You might have a stellar in-house legal team, all geared up for dealmaking, compliance checks, corporate work, and litigation battles.
But here's the kicker - no matter how awesome your internal team is, sometimes, you need a little extra support to manage the increasing workload.
Outside counsel experts bring specialized knowledge, invaluable insights, and an objective perspective that complements your in-house team's efforts.
In this blog post, we'll unveil how to unlock the full potential of outside counsel. Let’s dive in!
Identifying and prioritizing legal needs
First things first… You cannot be shoving your outside counsel with whatever work arrives at your desk.
To get the most out of the outside counsel, you need to identify and prioritize legal requirements.
Let’s see how.
#1 Assess your organization's legal requirements
This step involves understanding the various legal aspects and potential risks that your business may encounter. To perform this assessment:
- Conduct a legal audit: Initiate a thorough review of your company's current legal documents, contracts, policies, and compliance measures. Identify any legal gaps or areas that require improvement
- Engage with internal stakeholders: Collaborate with key stakeholders within your organization, such as department heads, risk management teams, and compliance officers. Understanding their perspectives will shed light on specific legal challenges faced by each department and the overall organization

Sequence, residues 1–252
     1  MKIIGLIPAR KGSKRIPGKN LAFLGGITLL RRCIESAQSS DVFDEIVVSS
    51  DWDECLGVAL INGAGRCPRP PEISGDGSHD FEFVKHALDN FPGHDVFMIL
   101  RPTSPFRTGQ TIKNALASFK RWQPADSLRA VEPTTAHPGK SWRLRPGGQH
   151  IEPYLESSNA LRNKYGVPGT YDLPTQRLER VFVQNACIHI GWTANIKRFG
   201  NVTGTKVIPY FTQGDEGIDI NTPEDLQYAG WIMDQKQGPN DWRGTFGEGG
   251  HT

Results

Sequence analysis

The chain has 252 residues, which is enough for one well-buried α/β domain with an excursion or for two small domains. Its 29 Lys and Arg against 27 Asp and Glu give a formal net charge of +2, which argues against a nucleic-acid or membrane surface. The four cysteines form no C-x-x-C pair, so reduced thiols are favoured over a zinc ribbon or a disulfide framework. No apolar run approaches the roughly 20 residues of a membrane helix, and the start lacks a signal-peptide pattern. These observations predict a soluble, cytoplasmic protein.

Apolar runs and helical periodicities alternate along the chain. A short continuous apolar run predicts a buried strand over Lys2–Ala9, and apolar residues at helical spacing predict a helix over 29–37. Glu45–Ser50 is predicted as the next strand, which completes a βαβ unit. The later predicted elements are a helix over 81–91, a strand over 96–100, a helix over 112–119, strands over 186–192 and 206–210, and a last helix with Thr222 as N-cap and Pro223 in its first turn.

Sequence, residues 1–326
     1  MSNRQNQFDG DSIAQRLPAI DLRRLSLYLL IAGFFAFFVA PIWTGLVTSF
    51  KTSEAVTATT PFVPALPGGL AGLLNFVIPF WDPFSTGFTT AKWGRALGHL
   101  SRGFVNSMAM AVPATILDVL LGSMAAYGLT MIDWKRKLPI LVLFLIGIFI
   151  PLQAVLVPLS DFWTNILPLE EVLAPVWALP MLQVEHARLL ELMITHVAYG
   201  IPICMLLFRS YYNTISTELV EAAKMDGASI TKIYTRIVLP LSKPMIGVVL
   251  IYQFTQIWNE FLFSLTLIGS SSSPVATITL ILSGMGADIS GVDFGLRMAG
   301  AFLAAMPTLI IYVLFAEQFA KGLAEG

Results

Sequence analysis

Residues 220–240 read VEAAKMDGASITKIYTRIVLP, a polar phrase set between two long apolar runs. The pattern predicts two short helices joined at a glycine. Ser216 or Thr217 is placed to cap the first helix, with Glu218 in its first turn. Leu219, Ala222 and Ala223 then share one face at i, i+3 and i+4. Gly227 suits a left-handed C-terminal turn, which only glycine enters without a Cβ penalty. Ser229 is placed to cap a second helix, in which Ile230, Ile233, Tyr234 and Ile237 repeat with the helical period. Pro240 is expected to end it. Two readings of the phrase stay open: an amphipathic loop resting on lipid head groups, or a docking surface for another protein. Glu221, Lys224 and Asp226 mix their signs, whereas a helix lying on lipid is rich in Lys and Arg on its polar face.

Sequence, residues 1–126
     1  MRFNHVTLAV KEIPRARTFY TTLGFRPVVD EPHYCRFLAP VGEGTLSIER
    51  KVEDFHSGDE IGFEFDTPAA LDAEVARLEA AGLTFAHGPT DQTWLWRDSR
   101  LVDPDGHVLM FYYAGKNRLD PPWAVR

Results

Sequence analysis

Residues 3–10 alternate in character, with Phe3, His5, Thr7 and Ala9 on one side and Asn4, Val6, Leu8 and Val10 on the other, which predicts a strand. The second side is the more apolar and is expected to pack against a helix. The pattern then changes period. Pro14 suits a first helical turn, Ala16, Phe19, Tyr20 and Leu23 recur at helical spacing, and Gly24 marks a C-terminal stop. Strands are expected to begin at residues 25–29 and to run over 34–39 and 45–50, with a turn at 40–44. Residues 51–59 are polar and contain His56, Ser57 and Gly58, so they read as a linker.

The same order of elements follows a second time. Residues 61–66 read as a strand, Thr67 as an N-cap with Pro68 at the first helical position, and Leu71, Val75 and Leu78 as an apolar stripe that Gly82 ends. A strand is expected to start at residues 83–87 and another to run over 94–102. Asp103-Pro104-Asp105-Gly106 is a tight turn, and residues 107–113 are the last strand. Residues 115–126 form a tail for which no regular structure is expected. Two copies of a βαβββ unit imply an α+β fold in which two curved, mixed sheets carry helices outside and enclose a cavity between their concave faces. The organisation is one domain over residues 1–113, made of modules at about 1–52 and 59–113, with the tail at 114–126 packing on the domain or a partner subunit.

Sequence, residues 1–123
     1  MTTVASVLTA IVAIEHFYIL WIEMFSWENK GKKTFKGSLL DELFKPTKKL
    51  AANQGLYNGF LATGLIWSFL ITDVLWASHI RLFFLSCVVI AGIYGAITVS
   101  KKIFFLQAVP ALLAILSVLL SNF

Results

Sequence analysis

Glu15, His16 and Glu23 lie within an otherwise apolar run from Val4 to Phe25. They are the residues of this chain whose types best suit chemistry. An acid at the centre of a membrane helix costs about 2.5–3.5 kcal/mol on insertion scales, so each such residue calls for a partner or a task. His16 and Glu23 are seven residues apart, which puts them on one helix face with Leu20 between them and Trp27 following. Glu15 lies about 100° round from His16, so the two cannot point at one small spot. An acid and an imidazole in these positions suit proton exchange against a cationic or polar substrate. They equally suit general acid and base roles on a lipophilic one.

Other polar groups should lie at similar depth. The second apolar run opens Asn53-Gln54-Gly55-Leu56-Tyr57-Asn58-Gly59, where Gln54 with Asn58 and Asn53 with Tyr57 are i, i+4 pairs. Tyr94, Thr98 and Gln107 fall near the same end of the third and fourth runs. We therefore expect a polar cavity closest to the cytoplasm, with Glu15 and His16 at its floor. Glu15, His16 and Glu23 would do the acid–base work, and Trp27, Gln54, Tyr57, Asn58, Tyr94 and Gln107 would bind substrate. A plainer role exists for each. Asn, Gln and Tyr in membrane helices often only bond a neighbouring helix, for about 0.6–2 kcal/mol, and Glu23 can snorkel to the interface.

- Stay informed about industry regulations: Stay up-to-date with industry-specific regulations and legal developments that might impact your business. Engaging with trade associations, legal forums, and industry experts can help you remain informed
“Twitter is where I get a lot of my information, honestly. For me, it's more about staying in touch with what's going on in the world rather than just the legal world. I think that informs a lot of what the legal work is going to be. For example, the recent SVB collapse — had a lot of impact on some legal folks. So, staying informed on what's going on in the world is really beneficial, and I always try to stay up to date with news.”
~ Katayoon Tayebi, Associate General Counsel, FIGS
Accelerating Your Career as In-house Counsel
#2 Categorize priorities based on urgency and impact
After assessing your legal requirements, you need to categorize them based on their urgency and impact on your organization. This prioritization will help you allocate resources more effectively and address critical legal needs promptly.